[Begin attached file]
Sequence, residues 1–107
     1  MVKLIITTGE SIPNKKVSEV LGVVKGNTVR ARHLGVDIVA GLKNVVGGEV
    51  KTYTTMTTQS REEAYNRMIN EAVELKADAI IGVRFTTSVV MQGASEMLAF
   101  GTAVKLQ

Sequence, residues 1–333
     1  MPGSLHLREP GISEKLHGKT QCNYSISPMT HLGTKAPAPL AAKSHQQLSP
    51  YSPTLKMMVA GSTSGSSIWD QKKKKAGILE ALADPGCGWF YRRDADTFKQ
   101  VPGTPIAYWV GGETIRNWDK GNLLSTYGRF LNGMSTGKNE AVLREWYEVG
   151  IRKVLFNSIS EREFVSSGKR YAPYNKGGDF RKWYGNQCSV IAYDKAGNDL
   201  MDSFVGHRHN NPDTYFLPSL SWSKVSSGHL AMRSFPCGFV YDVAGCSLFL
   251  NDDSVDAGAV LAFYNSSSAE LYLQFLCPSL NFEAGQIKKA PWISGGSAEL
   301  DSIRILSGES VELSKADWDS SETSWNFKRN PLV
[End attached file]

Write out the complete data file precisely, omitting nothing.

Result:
Sequence, residues 1–107
     1  MVKLIITTGE SIPNKKVSEV LGVVKGNTVR ARHLGVDIVA GLKNVVGGEV
    51  KTYTTMTTQS REEAYNRMIN EAVELKADAI IGVRFTTSVV MQGASEMLAF
   101  GTAVKLQ

Sequence, residues 1–333
     1  MPGSLHLREP GISEKLHGKT QCNYSISPMT HLGTKAPAPL AAKSHQQLSP
    51  YSPTLKMMVA GSTSGSSIWD QKKKKAGILE ALADPGCGWF YRRDADTFKQ
   101  VPGTPIAYWV GGETIRNWDK GNLLSTYGRF LNGMSTGKNE AVLREWYEVG
   151  IRKVLFNSIS EREFVSSGKR YAPYNKGGDF RKWYGNQCSV IAYDKAGNDL
   201  MDSFVGHRHN NPDTYFLPSL SWSKVSSGHL AMRSFPCGFV YDVAGCSLFL
   251  NDDSVDAGAV LAFYNSSSAE LYLQFLCPSL NFEAGQIKKA PWISGGSAEL
   301  DSIRILSGES VELSKADWDS SETSWNFKRN PLV